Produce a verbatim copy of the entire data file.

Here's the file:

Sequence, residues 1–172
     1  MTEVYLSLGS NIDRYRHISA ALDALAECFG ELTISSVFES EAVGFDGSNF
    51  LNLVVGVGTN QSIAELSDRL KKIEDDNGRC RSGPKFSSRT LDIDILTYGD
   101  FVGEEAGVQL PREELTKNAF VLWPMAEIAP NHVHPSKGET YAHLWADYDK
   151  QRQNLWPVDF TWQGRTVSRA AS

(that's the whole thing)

Sequence, residues 1–172
     1  MTEVYLSLGS NIDRYRHISA ALDALAECFG ELTISSVFES EAVGFDGSNF
    51  LNLVVGVGTN QSIAELSDRL KKIEDDNGRC RSGPKFSSRT LDIDILTYGD
   101  FVGEEAGVQL PREELTKNAF VLWPMAEIAP NHVHPSKGET YAHLWADYDK
   151  QRQNLWPVDF TWQGRTVSRA AS